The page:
Protecting Canada's water. Empowering Canada's North.

January 2013

Arctic Peoples and Security

About the Conference

“Arctic Peoples and Security” was hosted by the Walter and Duncan Gordon Foundation and the Canada Centre for Global Security Studies at the Munk School of Global Affairs, University of Toronto, in partnership with Inuit Qaujisarvingat: Inuit Knowledge Centre at Inuit Tapiriit KanatamiSt. Jerome's University; and the Centre for Contemporary International History.

The goal of this conference was to explore different ways of conceptualizing and understanding security in the Arctic in order to develop and implement sounder, more productive, and more inclusive public policies in the North.

The traditional view of Arctic security is focused primarily on military defence, and is habitually seen as distinct from local, northern understandings of security that are often inclusive of economic and social concerns.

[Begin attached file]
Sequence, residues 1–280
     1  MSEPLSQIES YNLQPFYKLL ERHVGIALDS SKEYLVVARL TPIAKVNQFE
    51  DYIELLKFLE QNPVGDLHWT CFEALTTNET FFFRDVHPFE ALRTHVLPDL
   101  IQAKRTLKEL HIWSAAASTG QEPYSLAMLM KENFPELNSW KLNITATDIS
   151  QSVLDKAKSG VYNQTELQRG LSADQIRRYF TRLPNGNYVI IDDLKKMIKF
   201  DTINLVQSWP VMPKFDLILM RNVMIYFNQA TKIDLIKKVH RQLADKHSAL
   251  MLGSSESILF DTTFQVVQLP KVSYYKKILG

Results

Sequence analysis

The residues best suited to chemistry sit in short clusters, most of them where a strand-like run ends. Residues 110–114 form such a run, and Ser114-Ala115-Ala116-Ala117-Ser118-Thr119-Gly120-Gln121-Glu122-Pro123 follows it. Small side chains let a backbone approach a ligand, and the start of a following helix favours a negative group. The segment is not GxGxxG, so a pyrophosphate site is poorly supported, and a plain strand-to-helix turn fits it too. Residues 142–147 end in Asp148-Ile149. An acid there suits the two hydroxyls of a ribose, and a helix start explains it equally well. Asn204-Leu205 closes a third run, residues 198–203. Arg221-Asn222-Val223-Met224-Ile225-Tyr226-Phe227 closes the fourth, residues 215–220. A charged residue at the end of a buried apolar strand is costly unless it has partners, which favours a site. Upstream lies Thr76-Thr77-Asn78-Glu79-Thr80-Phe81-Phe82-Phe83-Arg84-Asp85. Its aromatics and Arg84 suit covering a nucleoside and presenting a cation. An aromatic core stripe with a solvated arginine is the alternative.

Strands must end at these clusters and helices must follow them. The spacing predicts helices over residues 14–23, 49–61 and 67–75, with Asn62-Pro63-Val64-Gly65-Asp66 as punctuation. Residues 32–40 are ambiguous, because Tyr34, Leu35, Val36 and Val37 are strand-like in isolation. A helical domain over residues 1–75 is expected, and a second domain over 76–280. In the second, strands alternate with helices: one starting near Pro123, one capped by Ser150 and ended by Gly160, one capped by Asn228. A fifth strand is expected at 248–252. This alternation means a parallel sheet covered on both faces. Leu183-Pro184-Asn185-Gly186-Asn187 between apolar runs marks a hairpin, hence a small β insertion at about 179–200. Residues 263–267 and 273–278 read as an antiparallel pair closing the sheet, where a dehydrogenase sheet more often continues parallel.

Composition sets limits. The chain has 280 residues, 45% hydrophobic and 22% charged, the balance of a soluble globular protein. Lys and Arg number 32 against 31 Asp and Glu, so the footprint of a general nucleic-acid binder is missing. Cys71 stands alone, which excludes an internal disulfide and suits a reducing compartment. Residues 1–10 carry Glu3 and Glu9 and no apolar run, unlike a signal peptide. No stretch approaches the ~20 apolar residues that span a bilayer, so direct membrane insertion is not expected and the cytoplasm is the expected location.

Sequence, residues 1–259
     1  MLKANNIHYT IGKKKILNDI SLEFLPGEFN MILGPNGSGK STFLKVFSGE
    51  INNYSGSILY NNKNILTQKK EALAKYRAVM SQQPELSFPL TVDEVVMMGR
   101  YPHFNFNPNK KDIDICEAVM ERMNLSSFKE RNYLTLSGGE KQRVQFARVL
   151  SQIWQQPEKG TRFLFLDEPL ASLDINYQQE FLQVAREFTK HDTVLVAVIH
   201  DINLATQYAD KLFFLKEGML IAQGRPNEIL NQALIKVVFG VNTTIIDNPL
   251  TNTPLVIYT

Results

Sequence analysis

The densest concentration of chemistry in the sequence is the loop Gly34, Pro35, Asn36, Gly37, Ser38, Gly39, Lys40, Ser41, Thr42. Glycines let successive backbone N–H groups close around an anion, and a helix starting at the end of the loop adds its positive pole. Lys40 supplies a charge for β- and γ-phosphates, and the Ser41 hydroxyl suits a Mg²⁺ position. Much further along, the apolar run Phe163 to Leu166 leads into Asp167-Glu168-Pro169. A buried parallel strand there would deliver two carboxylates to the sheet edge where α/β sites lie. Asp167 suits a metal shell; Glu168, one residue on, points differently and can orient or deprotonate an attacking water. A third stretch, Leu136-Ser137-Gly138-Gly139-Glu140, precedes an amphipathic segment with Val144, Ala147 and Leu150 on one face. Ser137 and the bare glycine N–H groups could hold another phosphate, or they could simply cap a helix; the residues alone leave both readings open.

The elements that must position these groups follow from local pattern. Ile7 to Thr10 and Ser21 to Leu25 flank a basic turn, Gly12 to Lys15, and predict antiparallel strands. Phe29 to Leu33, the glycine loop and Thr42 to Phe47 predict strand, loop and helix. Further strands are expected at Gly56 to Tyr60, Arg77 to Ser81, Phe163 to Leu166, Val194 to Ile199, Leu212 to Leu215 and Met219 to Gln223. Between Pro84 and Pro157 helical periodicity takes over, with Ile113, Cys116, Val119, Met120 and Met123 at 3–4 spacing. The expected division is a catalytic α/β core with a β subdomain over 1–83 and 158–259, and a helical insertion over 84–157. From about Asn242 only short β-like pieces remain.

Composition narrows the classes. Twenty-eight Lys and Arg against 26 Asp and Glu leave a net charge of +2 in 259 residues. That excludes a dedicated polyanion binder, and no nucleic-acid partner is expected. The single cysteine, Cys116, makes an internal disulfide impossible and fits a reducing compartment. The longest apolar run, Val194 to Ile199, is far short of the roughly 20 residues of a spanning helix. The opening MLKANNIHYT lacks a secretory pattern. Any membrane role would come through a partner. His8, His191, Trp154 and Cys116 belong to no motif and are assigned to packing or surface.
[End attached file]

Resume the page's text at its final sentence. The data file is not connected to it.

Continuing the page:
This conference was designed to engage decision-makers and the academic community in a conversation about how to better integrate the needs and wants of northern residents into the broader Arctic security debate. 


Produced by Inuit Qaujisarvingat: Inuit Knowledge Centre at Inuit Tapiriit Kanatami in collaboration with the Munk-Gordon Arctic Security Program, Nilliajut (to speak up, speak out) is the title of a film and companion text originally presented at "Arctic Peoples and Security." The project explores the multifaceted views of security, patriotism and sovereignty in the Arctic through the eyes of established and emerging Inuit leaders and thinkers. It features prominant Inuk, including Pujjuut Kusugak of Rankin Inlet, Myrna Pokiak of Tuktoyaktuk, and Rosemarie Kuptana of Sachs Harbour, who participated in a panel discussion during the conference.